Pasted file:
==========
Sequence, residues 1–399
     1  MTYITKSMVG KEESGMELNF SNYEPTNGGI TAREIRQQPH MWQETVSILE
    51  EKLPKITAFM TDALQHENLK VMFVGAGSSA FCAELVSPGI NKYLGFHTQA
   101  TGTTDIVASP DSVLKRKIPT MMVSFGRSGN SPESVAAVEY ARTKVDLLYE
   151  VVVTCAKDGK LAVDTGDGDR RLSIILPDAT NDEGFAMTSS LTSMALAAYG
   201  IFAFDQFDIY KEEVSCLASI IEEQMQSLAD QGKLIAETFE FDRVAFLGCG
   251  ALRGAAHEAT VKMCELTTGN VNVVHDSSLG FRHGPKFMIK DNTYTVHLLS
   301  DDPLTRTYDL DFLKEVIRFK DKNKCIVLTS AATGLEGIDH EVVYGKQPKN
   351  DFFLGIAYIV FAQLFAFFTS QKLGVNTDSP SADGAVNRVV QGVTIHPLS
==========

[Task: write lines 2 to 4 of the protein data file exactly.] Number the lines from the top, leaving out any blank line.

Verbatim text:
     1  MTYITKSMVG KEESGMELNF SNYEPTNGGI TAREIRQQPH MWQETVSILE
    51  EKLPKITAFM TDALQHENLK VMFVGAGSSA FCAELVSPGI NKYLGFHTQA
   101  TGTTDIVASP DSVLKRKIPT MMVSFGRSGN SPESVAAVEY ARTKVDLLYE